Born Under a Lucky Moon by Dana Precious
Tangerine by Edward Bloor (for a literature circle class, middle school)

Favorite Book of the Month
Mennonite in a Little Black Dress by Rhoda Janzen. I laughed so much.

Books Read to the Kids
The Horse and His Boy by CS Lewis
The Last Battle by CS Lewis

Started and Stopped
The Omnivore's Dilemma by Michael Pollan. B-o-r-i-n-g.

Currently Reading
March by Geraldine Brooks. Love it so far.

Up Next
Remains of the Day by Kazuo Ishiguro
A Far Country by Daniel Mason
Pride and Prejudice (re-read)
Alice's Adventures in Wonderland (re-read)

Added to my TBR List
Caleb's Crossing by Geraldine Brooks (Reviewed at Bookworm's Dinner)
Look Me in the Eye
by John Elder Robison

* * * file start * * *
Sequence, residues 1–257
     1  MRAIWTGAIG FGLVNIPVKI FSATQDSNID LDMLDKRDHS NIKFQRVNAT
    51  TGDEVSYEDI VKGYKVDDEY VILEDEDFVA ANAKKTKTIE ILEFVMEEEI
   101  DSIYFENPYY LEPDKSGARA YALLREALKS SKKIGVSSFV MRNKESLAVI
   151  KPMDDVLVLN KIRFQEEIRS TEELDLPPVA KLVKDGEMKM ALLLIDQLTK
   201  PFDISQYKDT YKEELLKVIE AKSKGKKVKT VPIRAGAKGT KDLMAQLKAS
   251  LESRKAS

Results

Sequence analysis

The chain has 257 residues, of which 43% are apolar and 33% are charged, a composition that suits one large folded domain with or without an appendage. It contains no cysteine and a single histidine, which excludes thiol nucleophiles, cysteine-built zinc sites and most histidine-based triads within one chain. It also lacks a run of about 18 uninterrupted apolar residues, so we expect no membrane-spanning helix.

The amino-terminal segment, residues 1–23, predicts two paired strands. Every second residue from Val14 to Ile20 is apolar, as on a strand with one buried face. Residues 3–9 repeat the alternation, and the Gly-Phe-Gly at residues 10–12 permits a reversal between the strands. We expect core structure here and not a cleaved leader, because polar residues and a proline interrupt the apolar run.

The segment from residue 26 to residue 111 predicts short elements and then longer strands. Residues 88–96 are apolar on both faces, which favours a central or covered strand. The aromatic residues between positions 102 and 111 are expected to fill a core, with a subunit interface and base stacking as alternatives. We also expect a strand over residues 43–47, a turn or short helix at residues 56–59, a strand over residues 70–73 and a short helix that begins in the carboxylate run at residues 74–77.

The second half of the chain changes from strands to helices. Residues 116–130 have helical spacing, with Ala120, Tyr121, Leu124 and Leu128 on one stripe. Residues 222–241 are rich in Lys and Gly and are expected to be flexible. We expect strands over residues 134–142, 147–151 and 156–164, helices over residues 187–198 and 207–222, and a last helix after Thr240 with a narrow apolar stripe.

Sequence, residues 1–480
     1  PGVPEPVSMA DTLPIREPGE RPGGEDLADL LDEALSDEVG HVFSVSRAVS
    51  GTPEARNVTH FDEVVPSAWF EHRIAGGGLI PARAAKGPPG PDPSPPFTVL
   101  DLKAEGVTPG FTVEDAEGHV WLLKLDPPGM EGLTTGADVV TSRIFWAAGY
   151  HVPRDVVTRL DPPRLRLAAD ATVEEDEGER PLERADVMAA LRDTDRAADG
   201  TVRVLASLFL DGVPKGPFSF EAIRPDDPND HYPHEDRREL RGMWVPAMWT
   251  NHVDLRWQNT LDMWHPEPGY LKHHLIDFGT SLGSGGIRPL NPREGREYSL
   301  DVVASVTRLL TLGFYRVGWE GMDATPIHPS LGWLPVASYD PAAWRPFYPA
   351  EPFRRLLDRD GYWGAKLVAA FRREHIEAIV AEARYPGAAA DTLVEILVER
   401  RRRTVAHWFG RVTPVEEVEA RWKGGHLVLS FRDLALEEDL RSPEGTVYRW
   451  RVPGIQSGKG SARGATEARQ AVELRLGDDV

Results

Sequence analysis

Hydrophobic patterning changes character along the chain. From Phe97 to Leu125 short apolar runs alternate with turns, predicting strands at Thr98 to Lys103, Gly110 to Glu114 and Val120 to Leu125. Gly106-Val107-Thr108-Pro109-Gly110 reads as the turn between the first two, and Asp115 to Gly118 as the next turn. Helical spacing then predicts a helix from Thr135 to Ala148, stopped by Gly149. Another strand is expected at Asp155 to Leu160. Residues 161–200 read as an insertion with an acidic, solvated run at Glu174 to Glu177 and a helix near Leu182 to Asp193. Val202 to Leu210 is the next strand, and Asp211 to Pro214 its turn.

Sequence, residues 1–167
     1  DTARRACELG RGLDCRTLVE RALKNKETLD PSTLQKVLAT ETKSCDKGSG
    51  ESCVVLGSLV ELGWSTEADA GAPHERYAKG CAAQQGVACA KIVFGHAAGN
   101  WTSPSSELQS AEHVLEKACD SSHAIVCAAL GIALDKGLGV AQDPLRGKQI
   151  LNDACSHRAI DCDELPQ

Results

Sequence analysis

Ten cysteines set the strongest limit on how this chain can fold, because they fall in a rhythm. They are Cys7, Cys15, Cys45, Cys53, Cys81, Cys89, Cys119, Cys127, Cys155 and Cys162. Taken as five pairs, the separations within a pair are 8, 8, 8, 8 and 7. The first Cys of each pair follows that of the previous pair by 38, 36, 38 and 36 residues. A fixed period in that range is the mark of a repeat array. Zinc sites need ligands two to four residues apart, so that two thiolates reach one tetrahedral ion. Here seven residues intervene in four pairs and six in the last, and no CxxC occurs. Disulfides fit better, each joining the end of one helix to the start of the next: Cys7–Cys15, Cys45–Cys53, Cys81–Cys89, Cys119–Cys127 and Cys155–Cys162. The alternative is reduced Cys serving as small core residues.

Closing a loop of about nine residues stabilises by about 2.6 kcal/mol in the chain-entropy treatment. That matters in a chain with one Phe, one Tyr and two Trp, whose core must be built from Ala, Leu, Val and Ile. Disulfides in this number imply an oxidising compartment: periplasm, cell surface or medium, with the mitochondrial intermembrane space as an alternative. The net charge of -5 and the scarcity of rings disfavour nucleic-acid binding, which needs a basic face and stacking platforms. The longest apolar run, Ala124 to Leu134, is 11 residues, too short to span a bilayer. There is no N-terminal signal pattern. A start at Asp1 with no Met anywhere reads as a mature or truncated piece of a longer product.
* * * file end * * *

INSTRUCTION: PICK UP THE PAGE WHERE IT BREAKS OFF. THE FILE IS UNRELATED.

The Postmistress by Sarah Blake (recommended by Books and Movies)
The Warmth of Other Suns by Isabel Wilkerson

Saturday, April 9, 2011

Book Review: The Diary by Eileen Goudge

I read this little book by Eileen Goudge one afternoon in March and forgot to record/review it. It was such a short little happy book, not filled with any profound truths or passionate writing. Just a nice Saturday afternoon book, one that makes you feel that all is right with the world.

The story goes that two adult sisters are going through their mother's things, after having moved her into a nursing home, and find a diary. They read it, of course, and find out all kinds of surprising things about her and their father. One can't help but wonder while reading this: how well do we really know our parents? What secret stories do they share, and what do they keep from one another?

This is a sweet love story, and I very much needed a light, happy book at that time.I haven't read any other Eileen Goudge books but I will keep her in mind for those in-between reads.

Other Reviews of The Diary
Lesa's Book Critiques
Simply Stacie
The Time Traveller's Weblog